The whole thing turned into this epic tourist evacuation, with parents carrying children. Towards the end the waves made keeping my feet on the slippery stones much more difficult. Once we were safely ashore, we turned and watched people deal with the rising water. The last stragglers pretty much had to swim.

Even the damn roof moss here was cool. Bright orange!

View michales mount in a larger map
Next we drove across the thin tip of the island and walked along the pier in touristy St. Ives.

There were lots of seafoods available, and I saw cockles for sale, which I had to try. Not much different than really tiny clams. They seemed to be about half sand though. They were so sandy I was forced to donate them to Keeble, who didn't seem to mind one bit.

Here's a better understanding of the wide range of pasty flavors available.

We ended the night at this super old school pub back in Callington. It was a lot like I imagined a neighborhood pub would be like. Everyone seemed real familiar with each other, and we were the only two under probably mid-fifties. The owner of the places was serving us drinks, and it seemed half the reason he opened the place was so that he would have people to drink with. He was really slurry, but he would constantly refer to the both of us as "my sons" which I can't relate how much I loved. There was a lot of old school Cornish accent happening here which I hadn't heard much of previously. If there's ever been a form of English that I understood less clearly than Japanese, this was it.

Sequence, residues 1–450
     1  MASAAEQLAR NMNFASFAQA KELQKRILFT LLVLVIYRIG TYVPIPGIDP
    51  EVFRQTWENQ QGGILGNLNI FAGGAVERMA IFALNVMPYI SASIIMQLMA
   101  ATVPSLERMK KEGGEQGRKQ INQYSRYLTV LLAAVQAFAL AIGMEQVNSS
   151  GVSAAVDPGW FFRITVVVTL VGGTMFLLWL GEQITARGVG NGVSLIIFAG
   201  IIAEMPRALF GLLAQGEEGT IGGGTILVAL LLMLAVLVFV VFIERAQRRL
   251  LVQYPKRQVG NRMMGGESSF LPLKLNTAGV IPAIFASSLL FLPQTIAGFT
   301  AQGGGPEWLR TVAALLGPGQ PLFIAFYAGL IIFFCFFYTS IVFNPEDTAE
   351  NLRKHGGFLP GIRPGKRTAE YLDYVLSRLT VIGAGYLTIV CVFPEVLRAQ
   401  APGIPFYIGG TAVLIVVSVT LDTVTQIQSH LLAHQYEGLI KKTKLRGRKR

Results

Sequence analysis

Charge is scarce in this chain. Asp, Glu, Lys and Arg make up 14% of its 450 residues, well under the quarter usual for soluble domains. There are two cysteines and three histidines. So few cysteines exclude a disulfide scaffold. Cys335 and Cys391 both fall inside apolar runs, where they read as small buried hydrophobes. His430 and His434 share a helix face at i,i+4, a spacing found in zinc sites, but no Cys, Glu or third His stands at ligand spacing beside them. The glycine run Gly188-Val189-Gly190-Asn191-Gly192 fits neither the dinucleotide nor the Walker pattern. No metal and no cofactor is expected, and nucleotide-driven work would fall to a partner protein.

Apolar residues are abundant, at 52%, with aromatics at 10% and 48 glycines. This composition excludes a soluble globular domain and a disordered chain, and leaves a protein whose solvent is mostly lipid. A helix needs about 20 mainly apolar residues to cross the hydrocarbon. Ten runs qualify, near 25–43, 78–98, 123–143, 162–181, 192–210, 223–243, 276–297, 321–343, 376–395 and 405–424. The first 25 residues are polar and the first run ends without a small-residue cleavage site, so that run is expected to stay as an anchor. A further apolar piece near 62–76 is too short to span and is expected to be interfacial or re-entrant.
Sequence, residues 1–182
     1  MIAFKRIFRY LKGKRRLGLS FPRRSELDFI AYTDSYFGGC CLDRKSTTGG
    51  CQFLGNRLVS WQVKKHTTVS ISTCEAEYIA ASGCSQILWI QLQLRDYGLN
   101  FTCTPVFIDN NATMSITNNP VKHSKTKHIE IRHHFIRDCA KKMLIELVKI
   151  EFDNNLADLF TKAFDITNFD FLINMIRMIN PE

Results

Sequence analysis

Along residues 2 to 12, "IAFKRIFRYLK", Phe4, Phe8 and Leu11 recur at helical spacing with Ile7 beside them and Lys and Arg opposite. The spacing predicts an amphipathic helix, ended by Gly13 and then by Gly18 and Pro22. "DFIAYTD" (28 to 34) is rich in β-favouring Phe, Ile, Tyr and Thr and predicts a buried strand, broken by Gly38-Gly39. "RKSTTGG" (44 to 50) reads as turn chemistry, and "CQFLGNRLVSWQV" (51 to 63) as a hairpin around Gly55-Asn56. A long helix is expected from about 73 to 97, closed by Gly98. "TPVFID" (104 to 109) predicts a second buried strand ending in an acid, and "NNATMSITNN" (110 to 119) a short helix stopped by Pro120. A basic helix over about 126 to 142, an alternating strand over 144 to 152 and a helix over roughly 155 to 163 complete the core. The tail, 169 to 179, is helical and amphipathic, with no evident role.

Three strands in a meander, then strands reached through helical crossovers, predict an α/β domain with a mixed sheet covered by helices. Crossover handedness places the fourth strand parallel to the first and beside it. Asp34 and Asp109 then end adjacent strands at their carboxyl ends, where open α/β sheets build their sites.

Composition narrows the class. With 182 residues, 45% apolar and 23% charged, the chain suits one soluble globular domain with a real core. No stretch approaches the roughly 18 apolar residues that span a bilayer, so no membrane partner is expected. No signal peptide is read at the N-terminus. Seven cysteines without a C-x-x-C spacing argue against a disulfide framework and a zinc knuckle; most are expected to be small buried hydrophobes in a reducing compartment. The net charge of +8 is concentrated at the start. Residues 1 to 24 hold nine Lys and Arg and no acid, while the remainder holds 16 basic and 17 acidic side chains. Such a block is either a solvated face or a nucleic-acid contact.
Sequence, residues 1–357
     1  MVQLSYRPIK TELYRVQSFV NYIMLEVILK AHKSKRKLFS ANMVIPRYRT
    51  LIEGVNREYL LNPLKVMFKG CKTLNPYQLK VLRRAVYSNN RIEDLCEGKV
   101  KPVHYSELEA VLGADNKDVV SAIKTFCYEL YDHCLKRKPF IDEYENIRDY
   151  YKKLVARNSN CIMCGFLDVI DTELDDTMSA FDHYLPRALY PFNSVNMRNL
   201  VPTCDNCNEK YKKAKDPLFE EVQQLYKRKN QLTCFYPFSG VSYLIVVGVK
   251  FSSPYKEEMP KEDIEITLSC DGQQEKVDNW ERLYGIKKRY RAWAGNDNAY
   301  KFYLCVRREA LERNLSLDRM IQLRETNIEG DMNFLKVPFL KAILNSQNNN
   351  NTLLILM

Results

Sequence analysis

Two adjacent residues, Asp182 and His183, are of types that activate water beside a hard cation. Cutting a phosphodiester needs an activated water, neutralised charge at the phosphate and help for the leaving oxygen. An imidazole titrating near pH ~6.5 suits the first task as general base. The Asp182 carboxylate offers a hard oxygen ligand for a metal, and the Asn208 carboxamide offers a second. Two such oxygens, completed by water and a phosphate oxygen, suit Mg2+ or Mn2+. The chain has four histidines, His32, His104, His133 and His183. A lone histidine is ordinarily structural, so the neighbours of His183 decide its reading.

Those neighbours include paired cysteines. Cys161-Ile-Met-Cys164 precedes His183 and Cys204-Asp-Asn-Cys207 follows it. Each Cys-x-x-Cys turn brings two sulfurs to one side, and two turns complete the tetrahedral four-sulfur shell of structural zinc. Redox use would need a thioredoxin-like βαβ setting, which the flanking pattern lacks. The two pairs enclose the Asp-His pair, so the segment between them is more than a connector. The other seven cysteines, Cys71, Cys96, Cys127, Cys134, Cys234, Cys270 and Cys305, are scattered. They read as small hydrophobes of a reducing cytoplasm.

So we were having a few and talking about something that I'm sure was profound when closing time approached. Rather than announce "last call" or do something else to induce us to leave, they simply turned most of the lights out and locked the doors, continuing in pretty much the same fashion otherwise. Mike explained that this was pretty standard in small towns, that at official closing time they would have a little "lock in", and that was enough to satisfy the local authorities that they were closed. Closed or not, sitting in close to darkness with a bunch of drunk old locals was plenty uncomfortable, and we soon walked on home.